So I think we are closer to the creative capacity of our heavenly parents, in some very real, very physical ways, in addition to any spiritual ways that that President Ballard was talking about. Even those of us who don't yet have children, maybe aren't married, maybe won't be in this life. The weight of that creative power is different, I think for us than it is for our brothers in the Gospel. This isn't just about people who have kids or who have children in this life. This is about the creative power that is endowed in women by our very physical nature. And I think that shapes the spiritual gifts to which we have access. I think it shapes the way that we fit into the eternities. And not all of that has been unveiled to us yet. We don't know a lot about our Heavenly Mother. We know that she exists, we know that she's important. The new young women's theme emphasizes the importance of being Daughters of not just our Heavenly Father, but of heavenly parents. So we know that that is part of our divine birthright. And I think the challenge for us is to sort of separate out all of the ways that women have been unjustly treated differently from men, from the ways in which we are actually different from men.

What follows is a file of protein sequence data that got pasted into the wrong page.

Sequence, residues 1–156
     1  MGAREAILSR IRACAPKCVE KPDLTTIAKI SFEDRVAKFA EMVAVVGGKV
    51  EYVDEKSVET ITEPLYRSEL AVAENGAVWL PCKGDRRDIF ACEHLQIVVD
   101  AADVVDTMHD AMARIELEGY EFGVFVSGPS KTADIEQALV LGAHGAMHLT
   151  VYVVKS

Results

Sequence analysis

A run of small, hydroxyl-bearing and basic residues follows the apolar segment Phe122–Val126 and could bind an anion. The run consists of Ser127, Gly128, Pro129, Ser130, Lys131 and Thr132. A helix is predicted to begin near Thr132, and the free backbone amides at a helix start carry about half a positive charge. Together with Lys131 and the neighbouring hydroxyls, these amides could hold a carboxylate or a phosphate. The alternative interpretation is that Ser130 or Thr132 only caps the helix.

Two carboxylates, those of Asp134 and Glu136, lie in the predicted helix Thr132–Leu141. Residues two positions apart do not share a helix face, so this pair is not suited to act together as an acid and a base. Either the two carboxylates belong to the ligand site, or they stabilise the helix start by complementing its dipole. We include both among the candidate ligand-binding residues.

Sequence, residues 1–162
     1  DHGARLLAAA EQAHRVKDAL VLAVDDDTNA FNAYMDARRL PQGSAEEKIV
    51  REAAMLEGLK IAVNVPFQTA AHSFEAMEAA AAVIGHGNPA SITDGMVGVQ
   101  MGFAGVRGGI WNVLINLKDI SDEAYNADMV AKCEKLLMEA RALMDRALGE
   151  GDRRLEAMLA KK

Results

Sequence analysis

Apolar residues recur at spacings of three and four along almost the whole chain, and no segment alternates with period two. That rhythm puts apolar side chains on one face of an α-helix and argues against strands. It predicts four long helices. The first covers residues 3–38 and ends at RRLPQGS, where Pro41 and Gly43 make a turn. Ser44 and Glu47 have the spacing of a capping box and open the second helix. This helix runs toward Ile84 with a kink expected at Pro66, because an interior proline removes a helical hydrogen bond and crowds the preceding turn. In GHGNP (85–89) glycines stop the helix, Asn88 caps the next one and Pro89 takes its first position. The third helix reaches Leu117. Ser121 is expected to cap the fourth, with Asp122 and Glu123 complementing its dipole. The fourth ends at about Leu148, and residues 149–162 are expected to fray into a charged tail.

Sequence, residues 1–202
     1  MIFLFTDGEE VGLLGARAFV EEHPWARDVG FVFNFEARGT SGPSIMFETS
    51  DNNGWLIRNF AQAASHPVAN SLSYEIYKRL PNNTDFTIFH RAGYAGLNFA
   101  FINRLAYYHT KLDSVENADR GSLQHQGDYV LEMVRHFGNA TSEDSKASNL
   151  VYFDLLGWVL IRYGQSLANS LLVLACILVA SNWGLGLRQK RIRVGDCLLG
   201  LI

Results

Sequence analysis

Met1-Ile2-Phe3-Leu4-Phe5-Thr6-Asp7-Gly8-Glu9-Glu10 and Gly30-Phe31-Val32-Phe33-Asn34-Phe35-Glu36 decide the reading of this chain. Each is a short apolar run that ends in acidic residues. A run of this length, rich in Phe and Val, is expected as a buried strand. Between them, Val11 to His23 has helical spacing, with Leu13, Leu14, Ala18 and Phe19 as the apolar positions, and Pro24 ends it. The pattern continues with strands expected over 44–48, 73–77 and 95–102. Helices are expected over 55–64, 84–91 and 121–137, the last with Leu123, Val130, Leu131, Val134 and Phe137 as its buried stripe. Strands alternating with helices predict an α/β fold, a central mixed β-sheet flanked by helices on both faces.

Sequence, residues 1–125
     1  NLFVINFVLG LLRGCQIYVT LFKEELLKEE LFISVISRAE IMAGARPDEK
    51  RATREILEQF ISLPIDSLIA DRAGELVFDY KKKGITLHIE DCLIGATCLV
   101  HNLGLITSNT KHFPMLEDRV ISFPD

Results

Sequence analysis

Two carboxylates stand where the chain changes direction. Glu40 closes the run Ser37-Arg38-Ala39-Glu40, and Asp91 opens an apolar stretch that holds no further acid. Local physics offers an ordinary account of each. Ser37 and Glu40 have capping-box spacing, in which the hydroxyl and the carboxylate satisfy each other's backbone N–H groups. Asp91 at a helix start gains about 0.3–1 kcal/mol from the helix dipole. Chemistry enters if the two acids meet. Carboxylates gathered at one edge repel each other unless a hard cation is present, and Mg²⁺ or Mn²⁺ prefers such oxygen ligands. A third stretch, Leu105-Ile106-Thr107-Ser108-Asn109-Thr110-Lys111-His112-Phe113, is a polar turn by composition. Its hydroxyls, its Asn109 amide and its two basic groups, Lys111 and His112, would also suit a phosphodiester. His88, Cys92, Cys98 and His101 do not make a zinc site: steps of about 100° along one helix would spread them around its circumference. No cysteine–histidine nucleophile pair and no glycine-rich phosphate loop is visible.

And it gets complicated because even our physiology, like our chemistry and our physiology, there are parts of that that are biological, but there are also differences that may just as well be cultrual or sociological. Like if you look at brain scans, some of that is going to be differences between men and women because of different hormones, for example that our bodies produce. And that changes our instrument, that changes our physical instrument in ways that make us unique from men. But at the same time, if you do those same brain scans, some of that may be caused by experiences that we have early in life, or even later in life that shapes the way that our brains are wired. And some of that may be the influences of corrupt cultures, right? And so it's hard to sort of look and say, "Okay, well, here are the real, capital "R" differences between men and women, and that's what we should sort of embrace." So I think there are physical differences, I think that includes chemical differences that shape the way we experience emotion and the way that sometimes we express that emotion.